April 9, 2011

Manabu Soya . . . manages to be the standout member of a young gun tag match, even though it was Sanada’s chance to shine.

Minoru Suzuki . . . is still awesome, even when he’s losing to someone that he has no business losing to.

Suwama . . . puts on a disappointing showing defending All Japan against an outsider.

As a result of his forced withdrawal from the tournament, KENSO forfeits his remaining matches. The rest of Block B will get an automatic two points on the day of their scheduled matches with KENSO.

KONO (0) vs. RYOTA HAMA (0) (Block A)

This isn't all that much different from Hama's match with Omori from the day before. It's a lot of Hama throwing his weight around, mixed in with a bunch of sequences where they stand there and paste each other with punches and chops. I know that not every huge wrestler can move like Vader, but it'd be nice to see something impressive out of Hama. Kono eventually figures out the score, and starts throwing knees to the face and head, and a knee drop from the top puts Kono on the board.


After losing on the first day to Suwama, Funaki needed a win to show that he was still a viable threat, and it's not like Omori needs to be protected. It's not a total squash by Funaki, though it may as well be, seeing as he outclasses Omori in every way. Funaki goes the extra mile by still trying to make Omori look good before he dispatches him. Funaki tries up Omori in knots on the mat while the best Omori can muster is a grounded headlock, but Fuanki still puts it over well and requires the ropes to free himself. He puts over the Axe Bomber on the floor like death, even though Omori proceeds to kill the move as a finisher with him doing it over and over again. It's only a matter of time before a crafty vet like Funaki exploits that, Funaki ducks the umpteenth attempt and kills Omori with a head kick.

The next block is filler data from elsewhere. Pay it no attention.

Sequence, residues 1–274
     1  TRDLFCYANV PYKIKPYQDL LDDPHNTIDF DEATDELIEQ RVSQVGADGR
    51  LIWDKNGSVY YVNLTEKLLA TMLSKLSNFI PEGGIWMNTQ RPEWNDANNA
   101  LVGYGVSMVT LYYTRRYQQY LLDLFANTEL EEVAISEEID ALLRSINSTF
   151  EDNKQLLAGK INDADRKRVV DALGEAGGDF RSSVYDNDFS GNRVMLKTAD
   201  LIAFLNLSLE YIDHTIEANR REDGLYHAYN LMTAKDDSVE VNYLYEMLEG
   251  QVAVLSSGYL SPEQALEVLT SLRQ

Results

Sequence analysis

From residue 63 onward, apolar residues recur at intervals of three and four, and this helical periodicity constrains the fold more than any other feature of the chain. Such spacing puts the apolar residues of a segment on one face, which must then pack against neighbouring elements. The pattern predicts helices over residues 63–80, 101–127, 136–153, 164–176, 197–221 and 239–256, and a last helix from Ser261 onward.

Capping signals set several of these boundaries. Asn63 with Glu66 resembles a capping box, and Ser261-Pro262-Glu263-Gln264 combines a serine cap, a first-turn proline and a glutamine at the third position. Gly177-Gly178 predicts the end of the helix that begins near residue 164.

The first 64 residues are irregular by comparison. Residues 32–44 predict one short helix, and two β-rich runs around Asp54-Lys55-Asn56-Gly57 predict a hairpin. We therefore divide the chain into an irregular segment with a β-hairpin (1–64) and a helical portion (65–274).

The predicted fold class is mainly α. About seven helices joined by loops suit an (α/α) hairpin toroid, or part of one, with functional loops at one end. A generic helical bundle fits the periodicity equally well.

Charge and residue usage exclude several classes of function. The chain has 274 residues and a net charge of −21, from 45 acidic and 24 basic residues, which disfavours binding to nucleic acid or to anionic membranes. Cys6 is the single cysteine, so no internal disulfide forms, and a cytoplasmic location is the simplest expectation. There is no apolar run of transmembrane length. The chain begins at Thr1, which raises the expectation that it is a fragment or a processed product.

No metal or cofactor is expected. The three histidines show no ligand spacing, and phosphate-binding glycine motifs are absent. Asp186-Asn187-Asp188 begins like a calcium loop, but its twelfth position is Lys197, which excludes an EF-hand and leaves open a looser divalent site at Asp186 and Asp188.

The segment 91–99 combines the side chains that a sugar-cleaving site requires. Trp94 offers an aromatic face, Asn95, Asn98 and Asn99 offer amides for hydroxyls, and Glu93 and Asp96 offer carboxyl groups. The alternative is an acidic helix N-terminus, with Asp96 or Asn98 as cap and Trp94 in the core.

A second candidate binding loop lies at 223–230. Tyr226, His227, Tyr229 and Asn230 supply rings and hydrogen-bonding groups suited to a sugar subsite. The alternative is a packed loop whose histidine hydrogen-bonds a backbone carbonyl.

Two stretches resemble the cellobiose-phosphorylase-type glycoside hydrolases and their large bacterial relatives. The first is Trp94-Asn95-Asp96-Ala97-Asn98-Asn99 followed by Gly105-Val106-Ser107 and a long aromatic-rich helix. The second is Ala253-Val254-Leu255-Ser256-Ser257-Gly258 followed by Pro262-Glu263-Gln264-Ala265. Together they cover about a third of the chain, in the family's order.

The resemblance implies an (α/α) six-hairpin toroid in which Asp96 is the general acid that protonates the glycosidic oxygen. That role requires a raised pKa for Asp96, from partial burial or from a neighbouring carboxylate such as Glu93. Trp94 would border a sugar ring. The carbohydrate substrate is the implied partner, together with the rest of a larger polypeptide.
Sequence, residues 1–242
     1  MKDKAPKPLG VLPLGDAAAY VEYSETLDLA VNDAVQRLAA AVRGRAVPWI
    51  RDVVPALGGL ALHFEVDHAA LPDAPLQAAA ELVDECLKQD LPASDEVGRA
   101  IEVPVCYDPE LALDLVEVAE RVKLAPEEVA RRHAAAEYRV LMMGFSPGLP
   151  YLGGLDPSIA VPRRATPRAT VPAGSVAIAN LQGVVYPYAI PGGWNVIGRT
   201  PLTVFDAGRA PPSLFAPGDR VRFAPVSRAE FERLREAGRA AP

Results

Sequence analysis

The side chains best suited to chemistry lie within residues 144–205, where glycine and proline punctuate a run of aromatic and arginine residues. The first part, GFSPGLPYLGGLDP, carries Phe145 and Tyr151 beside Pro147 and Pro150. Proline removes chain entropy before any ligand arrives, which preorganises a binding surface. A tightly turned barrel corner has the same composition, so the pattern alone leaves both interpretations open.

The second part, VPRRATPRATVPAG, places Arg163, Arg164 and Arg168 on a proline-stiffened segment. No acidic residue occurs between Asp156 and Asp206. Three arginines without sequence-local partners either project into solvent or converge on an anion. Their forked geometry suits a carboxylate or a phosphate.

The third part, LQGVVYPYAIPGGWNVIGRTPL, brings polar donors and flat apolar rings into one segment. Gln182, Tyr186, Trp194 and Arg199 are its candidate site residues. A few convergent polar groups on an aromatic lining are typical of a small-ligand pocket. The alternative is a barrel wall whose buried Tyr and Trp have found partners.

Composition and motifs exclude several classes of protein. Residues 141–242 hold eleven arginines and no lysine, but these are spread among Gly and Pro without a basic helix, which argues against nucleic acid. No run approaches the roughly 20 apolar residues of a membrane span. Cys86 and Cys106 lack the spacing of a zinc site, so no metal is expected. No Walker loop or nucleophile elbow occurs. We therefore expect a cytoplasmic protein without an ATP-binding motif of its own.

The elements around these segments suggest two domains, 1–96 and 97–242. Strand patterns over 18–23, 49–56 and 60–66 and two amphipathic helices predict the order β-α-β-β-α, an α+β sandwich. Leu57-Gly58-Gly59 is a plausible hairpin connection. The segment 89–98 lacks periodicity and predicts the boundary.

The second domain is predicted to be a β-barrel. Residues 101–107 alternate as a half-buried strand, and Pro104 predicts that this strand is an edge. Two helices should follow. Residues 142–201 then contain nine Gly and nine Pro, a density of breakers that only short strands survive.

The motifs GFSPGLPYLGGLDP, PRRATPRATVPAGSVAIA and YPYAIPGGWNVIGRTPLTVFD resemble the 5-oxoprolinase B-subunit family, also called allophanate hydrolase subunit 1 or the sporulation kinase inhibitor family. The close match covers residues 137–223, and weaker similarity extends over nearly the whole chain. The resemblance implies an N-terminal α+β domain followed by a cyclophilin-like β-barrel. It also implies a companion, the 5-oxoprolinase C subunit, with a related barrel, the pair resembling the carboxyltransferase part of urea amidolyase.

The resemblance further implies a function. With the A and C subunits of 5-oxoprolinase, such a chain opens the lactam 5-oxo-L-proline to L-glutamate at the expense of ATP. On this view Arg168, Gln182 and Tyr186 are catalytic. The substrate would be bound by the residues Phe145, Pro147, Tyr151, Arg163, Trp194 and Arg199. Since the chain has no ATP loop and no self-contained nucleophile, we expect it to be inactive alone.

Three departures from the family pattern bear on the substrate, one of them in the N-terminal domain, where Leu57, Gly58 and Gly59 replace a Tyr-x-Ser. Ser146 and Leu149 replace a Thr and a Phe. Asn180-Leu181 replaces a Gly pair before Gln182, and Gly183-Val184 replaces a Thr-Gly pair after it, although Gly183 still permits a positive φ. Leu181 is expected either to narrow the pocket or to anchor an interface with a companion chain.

I think this winds up even more disappointing than the actual tournament matches have been, because this could have been a real treat. The four preeminent young guns of the heavyweight and junior divisions get fifteen minutes to show their stuff, and the result is woefully underwhelming. Sanada and KAI are ranked higher, so I expected them to show their growth while Soya and Yamato fight to prove themselves. Soya had the right idea and Sanada eventually caught up, but it took far too long for that to happen.

Rather than a rabid showdown between all four, nearly the entire first half is worked in the same manner as a singles match between any of them would have been worked in 2008. You know things aren't going well when Yamato takes a shoulder bump into the post and Sanada's bright idea of taking advantage is a short arm scissors. The only assertive dominance comes in the form of Soya working over KAI, and Sanada working over Yamato, and the heavyweight controlling the junior is a given. Again, it's Soya who seems to know how the match should be unfolding, he knocks Sanada off the apron and tells him that he wants him in the ring. Soya uses his size to his advantage while Sanada uses his brain and the result is some good back and fourth action between the former All Asia champs, but it's all too brief. Sanada going over Yamato is the obvious finish, but Yamato doesn't even get a quick run of offense against Sanada or a couple of near falls to get the crowd behind him. KAI dispatches Soya with a huge dive and Sanada easily finishes Yamato with the Dragon suplex. There's just no reason for Soya to be the standout here, when Sanada is the one working the Carnival.